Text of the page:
You’d think all my ills would have been exhausted on track, but it seemed we couldn’t even leave the paddock without even more! We have a dual cigarette lighter socket which decided to break, leaving us with a GPS which would only run for around 4 hours of the 7 we had to drive home. Fishing around in the  socket base we found a few pieces had broken off inside, and after removing them decided that perhaps they had shorted the fuse, as the cigarette lighter itself didn’t work now, so stopping half an hour later I swapped fuses, and lo and behold, the GPS sprang back to life and we’d be able to find our way back home. Was that the end of it? Don’t be daft!

    As we drove back I was getting frustrated with watching the cover on the marquee flapping in the wind, so as it wasn’t wet decided to stop near Carcassone and take it off, which meant reattaching the tie downs. A couple of hours later when we stopped for a comfort break, I found the tent had started to slip sideways off the edge of the trailer, lucky we’d stopped!.

    Our final problem came when the GPS arbitrarily decided to take us off the motorway at Junction 50 not 55, leading us into the nearest town and wanting to take us home cross country instead of the more direct motorway route. Overriding the planned route, we got back on the motorway and eventually back on the route I wanted to be on, and arrived back home at around 21.10 to find a message from David, saying he’d already been back 20 minutes, despite setting off after us and having 100kms further to drive!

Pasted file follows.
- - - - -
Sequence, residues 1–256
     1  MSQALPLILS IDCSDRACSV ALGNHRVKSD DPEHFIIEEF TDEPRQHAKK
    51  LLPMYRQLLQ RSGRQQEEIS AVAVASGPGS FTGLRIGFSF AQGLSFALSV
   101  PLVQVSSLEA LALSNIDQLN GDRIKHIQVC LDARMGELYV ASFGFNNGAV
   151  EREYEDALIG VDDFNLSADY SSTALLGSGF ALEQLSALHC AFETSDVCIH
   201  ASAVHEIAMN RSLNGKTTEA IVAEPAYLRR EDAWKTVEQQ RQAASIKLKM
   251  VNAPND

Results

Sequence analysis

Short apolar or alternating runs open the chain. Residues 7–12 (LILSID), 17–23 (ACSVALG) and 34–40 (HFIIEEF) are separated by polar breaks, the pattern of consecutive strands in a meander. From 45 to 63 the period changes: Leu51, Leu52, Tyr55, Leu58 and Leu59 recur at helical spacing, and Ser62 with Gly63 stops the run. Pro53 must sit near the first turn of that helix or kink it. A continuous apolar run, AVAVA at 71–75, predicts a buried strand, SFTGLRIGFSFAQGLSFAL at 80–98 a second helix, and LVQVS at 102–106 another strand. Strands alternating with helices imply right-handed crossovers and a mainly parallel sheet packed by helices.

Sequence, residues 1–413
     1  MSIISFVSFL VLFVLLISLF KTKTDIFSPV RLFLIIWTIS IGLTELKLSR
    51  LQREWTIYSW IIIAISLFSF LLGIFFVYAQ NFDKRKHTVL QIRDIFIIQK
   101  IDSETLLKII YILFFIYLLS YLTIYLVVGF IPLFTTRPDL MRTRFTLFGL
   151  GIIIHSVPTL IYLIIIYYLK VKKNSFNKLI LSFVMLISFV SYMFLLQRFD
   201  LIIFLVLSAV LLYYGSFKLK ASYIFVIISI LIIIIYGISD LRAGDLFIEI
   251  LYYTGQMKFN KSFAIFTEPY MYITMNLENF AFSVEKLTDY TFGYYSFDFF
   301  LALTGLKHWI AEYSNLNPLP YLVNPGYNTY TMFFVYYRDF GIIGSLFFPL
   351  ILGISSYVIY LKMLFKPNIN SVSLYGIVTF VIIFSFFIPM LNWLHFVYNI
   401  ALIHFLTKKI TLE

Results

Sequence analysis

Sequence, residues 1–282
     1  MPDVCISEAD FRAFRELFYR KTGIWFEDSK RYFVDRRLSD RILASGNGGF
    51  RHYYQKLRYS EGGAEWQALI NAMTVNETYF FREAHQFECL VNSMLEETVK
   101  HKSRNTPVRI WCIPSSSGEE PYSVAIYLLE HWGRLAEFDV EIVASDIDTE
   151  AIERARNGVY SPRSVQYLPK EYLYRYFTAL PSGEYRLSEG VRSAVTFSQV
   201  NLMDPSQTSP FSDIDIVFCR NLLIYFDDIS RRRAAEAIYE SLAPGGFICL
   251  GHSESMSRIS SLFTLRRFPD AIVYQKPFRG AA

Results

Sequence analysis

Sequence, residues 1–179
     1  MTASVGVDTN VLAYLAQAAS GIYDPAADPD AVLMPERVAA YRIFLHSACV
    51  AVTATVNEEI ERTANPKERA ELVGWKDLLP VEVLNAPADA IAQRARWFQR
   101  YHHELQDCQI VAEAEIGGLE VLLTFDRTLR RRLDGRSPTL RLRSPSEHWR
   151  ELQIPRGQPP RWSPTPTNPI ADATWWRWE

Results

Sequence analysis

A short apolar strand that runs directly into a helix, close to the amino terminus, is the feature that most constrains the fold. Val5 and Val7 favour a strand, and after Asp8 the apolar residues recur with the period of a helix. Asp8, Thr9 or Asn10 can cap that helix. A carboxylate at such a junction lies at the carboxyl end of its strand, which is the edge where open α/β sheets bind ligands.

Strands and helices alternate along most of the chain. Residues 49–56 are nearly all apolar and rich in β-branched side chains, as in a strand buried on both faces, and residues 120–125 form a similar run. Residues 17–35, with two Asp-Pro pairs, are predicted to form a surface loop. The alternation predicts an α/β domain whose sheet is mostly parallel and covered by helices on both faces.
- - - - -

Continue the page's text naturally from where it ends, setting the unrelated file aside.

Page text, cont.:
SO, how on earth do you summarise an event like this? On the positive side, when the bike was running the tyres gave massive confidence and feedback, leagues ahead of the Pirellis I’ve used for years. The weather had been good, David Mark and Sev had been good company, and Sue as ever, my support blanket when I got peed off, and I suppose the bike is still in one piece and I didn’t crash. Negatives are, it had been a very expensive trip to ride ony 185kms, and the sting in the tail is I’ve no idea what caused the problems or what they will cost to fix, and before I do anything else with it, I need to send the Renthal clip-ons back to them as they’re the subject of a recall.

    Mark has a very good idea of the cost of his gearbox problem, it’s circa €2k, so that’s a big hit to take on a bike he’s only ridden in 10 sessions, but regardless he enjoyed riding with us and being on track again.

    David improved session by session, and his 2.07 is a very respectable time for a small bike round a track like Catalunya. His small off didn’t seem to have dented his enthusiasm too much, and of the three of us it was only his British Triumph left running. Who’d have thought a Brit bike would best a German or Japanese one?

    The future? Aragon is always on our agenda, just need to make sure we don’t leave it too late to book next time.


  • Independence strikes in Catalonia affecting circuit entry